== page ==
Recent executive and administrative orders carrying-out COVID-19 mitigation and public safety measures will impact litigation within the Article 78 context, specifically the deadlines for commencing a proceeding to challenge municipal determinations. This impact is significant given the short statutes of limitations periods typical to land use litigation. Governor Andrew Cuomo’s Executive Order 202.8 (“Executive Order“) “temporarily suspends or modifies” various time-frames dictated by applicable statute, law, rule or regulation; in relevant part: “any specific time limit for the commencement, filing, or service of any legal action, notice, motion or other process or proceeding, as prescribed by the procedural laws of this state, including . . . the civil practice law and rules . . . is hereby tolled from the date of this executive order [March 20, 2020] until April 19, 2020,” i.e. 30 days.
Following the Executive Order, the Hon. Janet DiFiore, Chief Judge of the Court of Appeals, issued Administrative Order 78/20 (“Administrative Order“), which states that “no papers shall be accepted for filing by a county clerk or a court in any matter of a type not included on the list of essential matters attached.” An action or proceeding is commenced by the filing thereof, and challenges to land use and municipal determinations are not included on the list of essential matters.
Despite the present health crisis and preclusion of court filings in this subject area, municipal boards and agencies may have recently conducted business, and they may continue to conduct business via means that comply with the Open Meetings Law (as modified by Executive Order 202.1) and protect the public health. Thus, boards and agencies may have recently made, and can continue to make, decisions, but challengers are presently prohibited from pursuing judicial appeals of such decisions in the Courts. Analyzing the Executive Order will be critical to understanding the litigation risk from an applicant’s perspective, as well as how a challenger should anticipate dealing with any statute of limitations issues.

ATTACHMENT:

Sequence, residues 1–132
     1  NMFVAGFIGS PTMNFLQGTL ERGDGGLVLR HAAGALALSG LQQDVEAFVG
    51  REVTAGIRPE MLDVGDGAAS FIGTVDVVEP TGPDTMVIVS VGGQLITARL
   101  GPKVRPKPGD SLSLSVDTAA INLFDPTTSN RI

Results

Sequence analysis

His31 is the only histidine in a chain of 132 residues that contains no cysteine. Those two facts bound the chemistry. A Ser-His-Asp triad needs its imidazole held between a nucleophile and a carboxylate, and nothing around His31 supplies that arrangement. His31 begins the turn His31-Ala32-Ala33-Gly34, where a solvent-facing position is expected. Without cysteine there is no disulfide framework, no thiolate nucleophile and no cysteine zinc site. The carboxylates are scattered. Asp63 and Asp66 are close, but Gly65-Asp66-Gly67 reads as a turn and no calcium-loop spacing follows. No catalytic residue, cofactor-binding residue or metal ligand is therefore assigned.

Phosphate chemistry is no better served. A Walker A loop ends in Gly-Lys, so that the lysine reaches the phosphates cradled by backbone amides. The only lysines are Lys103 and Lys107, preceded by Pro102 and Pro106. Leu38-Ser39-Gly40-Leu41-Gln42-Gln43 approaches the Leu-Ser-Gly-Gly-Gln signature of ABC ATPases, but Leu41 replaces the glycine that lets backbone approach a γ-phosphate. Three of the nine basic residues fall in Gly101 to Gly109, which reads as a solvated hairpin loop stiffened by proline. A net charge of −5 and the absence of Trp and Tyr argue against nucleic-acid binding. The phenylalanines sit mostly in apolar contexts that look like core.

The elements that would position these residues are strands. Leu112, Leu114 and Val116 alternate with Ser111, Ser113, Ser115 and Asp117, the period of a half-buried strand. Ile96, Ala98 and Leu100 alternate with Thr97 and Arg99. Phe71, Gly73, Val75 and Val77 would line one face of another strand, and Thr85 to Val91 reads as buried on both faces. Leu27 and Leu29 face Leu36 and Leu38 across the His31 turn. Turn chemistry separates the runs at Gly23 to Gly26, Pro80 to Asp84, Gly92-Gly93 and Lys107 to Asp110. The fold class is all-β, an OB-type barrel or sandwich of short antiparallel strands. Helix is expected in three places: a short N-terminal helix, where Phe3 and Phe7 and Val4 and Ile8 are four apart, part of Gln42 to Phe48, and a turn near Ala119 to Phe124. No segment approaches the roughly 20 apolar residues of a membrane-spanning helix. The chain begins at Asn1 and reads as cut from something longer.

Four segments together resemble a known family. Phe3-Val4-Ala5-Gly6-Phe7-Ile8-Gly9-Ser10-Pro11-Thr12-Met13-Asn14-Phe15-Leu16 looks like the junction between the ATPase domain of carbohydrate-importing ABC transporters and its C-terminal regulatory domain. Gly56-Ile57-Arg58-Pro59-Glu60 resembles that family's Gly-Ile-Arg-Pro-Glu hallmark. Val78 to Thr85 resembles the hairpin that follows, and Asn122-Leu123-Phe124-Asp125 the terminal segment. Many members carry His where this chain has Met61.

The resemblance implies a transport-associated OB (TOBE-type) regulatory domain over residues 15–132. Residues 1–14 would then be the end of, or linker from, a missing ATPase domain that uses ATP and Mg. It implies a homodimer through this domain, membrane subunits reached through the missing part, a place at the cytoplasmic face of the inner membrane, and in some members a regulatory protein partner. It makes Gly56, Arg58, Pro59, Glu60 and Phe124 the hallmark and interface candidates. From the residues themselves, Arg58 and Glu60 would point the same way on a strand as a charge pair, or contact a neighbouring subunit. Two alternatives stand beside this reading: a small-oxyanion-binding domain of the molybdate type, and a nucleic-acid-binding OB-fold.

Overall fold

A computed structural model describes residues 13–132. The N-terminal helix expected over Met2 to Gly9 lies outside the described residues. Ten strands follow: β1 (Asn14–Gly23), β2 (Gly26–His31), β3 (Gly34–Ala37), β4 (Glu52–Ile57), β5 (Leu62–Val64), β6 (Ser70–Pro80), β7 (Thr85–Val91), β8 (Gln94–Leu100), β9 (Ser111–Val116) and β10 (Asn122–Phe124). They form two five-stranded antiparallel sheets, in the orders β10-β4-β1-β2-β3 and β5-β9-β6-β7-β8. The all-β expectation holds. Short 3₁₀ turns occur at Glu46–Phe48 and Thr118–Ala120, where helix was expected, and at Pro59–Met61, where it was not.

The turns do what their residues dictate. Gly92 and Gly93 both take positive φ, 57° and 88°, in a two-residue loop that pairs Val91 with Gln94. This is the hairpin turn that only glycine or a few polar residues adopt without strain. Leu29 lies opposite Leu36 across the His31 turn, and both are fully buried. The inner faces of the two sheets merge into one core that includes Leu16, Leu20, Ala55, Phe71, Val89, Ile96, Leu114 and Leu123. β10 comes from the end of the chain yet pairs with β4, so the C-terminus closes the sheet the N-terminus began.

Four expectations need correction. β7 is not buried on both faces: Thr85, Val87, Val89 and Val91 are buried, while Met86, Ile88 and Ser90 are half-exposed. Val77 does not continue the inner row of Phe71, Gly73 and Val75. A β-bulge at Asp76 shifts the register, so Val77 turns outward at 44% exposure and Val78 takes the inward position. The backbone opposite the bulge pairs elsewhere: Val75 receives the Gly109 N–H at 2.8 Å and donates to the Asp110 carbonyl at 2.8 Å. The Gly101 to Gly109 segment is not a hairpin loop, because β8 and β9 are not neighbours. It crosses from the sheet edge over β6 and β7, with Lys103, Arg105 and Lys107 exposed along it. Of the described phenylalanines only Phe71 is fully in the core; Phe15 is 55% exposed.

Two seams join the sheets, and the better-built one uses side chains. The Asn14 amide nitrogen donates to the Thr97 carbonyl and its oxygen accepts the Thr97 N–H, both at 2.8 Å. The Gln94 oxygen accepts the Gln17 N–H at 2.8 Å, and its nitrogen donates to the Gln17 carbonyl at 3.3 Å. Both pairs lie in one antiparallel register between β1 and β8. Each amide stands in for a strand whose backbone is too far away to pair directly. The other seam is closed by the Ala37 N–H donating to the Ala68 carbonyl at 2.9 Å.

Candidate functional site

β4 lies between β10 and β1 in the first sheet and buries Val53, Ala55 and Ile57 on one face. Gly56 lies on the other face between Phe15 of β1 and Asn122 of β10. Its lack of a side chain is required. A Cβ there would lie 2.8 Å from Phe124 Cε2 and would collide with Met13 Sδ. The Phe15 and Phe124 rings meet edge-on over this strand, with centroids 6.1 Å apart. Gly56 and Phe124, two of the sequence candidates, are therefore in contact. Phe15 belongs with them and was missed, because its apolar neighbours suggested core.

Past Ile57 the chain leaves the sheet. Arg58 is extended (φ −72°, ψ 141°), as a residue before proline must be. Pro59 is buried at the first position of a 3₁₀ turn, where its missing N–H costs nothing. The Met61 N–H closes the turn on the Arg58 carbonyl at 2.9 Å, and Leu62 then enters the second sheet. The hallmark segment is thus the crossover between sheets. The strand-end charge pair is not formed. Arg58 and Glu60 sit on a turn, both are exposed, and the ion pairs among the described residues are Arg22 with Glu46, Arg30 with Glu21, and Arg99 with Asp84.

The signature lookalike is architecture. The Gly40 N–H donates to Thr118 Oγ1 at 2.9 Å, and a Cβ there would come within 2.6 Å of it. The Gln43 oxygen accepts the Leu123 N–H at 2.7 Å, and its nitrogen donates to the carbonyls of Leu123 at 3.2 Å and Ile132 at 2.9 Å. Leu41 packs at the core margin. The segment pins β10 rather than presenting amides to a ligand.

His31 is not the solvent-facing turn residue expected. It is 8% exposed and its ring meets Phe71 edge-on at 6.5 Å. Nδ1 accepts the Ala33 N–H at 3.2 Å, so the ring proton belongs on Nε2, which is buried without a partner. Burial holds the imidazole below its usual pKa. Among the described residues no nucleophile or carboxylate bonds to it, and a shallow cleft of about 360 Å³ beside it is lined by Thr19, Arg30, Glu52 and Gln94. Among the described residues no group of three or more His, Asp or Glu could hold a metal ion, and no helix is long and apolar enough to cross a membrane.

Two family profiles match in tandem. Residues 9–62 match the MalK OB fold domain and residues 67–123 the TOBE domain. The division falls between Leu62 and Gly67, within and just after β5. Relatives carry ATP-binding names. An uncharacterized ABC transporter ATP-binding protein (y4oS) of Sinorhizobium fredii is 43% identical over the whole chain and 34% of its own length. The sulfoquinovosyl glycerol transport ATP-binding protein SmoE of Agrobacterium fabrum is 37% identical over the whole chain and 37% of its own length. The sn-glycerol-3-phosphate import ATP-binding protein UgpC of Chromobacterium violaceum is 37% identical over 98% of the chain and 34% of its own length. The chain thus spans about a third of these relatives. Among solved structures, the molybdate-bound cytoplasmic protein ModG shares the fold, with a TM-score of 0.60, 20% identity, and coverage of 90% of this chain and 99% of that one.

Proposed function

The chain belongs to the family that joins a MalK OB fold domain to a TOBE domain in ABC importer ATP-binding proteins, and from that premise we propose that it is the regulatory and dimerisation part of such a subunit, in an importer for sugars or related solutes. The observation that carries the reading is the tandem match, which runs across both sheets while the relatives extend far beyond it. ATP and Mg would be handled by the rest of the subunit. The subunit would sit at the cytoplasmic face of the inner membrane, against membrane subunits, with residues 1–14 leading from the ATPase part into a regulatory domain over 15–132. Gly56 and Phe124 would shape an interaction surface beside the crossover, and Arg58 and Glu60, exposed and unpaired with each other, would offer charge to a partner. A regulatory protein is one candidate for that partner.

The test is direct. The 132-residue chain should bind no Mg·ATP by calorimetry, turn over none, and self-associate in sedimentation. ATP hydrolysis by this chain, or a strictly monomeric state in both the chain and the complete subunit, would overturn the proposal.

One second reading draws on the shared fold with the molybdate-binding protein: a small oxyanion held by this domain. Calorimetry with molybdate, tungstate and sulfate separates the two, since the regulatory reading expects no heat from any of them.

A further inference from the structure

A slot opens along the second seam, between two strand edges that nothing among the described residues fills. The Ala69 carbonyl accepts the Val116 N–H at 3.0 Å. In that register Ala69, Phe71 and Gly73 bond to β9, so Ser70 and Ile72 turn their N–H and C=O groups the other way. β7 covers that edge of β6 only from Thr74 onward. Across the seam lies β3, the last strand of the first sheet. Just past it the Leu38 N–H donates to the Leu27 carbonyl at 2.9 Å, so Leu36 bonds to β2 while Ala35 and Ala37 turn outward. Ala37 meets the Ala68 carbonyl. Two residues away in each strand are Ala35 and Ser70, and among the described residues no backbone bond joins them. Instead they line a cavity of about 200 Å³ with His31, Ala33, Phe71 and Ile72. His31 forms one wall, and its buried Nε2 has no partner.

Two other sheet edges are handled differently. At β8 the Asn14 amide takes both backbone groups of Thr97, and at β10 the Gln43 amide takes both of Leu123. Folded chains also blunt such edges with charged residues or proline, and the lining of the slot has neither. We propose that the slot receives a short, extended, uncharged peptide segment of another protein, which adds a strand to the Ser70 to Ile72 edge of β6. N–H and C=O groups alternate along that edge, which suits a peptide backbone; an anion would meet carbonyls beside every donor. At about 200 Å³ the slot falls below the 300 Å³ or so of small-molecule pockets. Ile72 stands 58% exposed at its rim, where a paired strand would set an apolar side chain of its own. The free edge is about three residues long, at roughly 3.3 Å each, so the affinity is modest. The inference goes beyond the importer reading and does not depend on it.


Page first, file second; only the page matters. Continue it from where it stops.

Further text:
Interpreting the Executive Order’s Effects on Statutes of Limitations
The Executive Order is not without ambiguity; it uses verbiage such as “suspend” and “toll,” and each word may have different import. For example, on the one hand, Black’s Law Dictionary defines “toll” as “to stop the running of; to abate.” Given the definition and the plethora of jurisprudence on the subject, this means that the statute of limitations period is paused for the duration of the tolling period. Put another way, the statute of limitations is extended for the same amount of time that tolling is in effect (because the period is not running during that time). On the other hand, “suspend” means “to interrupt; postpone; defer” or “to temporarily keep a person from exercising a right or privilege.” This could mean that any commencement deadline that falls between March 20th and April 19th will only be deferred until April 19th – and no additional time will be added. That said, “suspend” could also be interpreted to support a pausing or tolling of the time-period.